Many Americans, voluntarily or not, cut back on their use of lines of credit during the Great Recession. It was harder to get credit for one thing, and using an existing credit card became a lot more expensive as banks, suffering from losses due to investing in toxic assets, levied new fees on everything from phone payments to inactive accounts. At the same time, to limit risks, banks slashed customers’ credit limits as much as 90%. Struggling to make payments on existing debt, a lot of people decided to postpone purchases if they couldn’t afford to pay for them with cash. Some people, sobered by the economic devastation they witnessed touching friends and neighbors went even farther and paid off debt and closed accounts. With jobs uncertain it was no time to have debt hanging over one’s head.
Even though the Recession is officially over the reluctance to use credit continues. The Federal Reserve Board reported this week that credit card borrowing fell at a 6.3% annual rate in July. The last time borrowing with credit cards increased was in August 2008 – before the Recession.
While individual Americans may be willing to wean themselves from the use of credit, it isn’t as easy, or effective, for businesses to do the same. Many businesses, especially in the early days, need to borrow money – to invest in expensive equipment, purchase raw materials, lease facilities, for construction, to fund business expansion, and so forth. This money flows into the economy in the form of jobs. And one of the reasons the job market is stalled is that businesses are still having problems securing loans.
The bank bailout program or TARP (Troubled Asset Relief Program) began under the previous administration and carried forward under the current one, appears to have been a success in stabilizing our financial institutions. At least as far as larger banks like Bank of America and Citicorp are concerned (many small banks went under during the Recession). In terms of American businesses that need and rely on credit, the bailout hasn’t had the desired effect.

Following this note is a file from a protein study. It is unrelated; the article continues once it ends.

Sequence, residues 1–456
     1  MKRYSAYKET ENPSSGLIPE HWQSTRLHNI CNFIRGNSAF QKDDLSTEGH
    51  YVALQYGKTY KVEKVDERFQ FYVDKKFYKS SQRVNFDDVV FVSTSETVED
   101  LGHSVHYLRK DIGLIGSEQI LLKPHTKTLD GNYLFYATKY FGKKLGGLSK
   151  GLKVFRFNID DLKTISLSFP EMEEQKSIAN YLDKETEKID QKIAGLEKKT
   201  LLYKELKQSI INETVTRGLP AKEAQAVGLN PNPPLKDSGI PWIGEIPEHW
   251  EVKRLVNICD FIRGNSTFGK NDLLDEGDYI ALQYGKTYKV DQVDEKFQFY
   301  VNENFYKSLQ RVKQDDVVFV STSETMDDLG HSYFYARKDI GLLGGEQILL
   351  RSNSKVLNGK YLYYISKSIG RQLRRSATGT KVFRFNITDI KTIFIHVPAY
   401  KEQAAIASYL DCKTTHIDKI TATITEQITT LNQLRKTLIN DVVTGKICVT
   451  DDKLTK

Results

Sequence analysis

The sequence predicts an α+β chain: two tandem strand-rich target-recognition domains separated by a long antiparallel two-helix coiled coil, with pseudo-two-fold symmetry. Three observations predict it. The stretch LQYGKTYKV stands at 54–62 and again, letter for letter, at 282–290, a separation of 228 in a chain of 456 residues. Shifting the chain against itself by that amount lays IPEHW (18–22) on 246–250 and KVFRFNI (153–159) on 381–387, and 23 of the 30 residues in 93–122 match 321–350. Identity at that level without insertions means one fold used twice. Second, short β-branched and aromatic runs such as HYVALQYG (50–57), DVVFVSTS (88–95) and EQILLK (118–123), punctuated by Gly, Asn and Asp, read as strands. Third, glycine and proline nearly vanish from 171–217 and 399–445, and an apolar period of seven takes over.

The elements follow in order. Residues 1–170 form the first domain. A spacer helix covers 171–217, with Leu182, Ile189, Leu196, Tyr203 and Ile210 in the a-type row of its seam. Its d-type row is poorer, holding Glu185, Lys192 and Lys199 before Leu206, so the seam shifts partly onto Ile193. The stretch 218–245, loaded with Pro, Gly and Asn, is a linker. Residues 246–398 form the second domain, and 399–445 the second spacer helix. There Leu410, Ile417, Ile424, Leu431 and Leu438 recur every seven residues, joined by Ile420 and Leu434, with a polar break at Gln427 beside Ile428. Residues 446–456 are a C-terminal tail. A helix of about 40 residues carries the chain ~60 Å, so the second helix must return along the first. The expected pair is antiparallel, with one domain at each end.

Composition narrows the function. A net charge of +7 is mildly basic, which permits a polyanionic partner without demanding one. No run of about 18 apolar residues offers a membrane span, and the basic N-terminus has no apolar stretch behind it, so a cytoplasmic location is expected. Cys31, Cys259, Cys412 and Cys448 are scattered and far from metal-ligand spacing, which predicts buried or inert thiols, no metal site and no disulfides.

From June 2008 to June 2010, commercial and industrial lending by commercial banks declined by $222 billion or 18 percent, from $1,204 billion to $982 billion. Over the same period, small-business lending by commercial banks declined by $57 billion or 8 percent, from $661 billion to just $604 billion.
In the meantime, a lot closer to home, banks, now that excessive late fees and overdraft charges have been banned by the Card Act that went into effect in August, are finding creative new ways to charge customers more for credit cards, so-called “free” checking accounts and banking services. Yes, it’s time to check the fine print on your statement (if you are still paying for those paper statements) and see whether your account is now subject to penalties for not keeping new higher minimum balances or maintenance fees.
Citibank (yes, the Citibank that was bailed out) announced changes to its checking accounts this month and will now assess monthly maintenance fees of up to $30, depending on whether the customers meet certain requirements for their accounts. Hey, they have to come up with some way to pay back the TARP funds and those big CEO salaries!